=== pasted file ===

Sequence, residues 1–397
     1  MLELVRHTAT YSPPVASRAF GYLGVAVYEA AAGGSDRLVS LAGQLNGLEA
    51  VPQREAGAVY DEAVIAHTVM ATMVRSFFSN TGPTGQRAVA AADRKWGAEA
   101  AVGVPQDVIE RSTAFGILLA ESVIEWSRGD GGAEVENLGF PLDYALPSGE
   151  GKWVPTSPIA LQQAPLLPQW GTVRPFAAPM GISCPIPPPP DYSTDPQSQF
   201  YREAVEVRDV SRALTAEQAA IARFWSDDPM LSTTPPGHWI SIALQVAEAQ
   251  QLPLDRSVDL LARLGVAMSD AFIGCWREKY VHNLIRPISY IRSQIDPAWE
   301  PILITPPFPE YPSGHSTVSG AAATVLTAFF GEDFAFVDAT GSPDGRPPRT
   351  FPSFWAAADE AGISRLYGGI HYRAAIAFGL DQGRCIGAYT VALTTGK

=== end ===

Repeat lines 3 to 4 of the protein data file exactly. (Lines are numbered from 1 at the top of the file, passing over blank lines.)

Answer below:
    51  VPQREAGAVY DEAVIAHTVM ATMVRSFFSN TGPTGQRAVA AADRKWGAEA
   101  AVGVPQDVIE RSTAFGILLA ESVIEWSRGD GGAEVENLGF PLDYALPSGE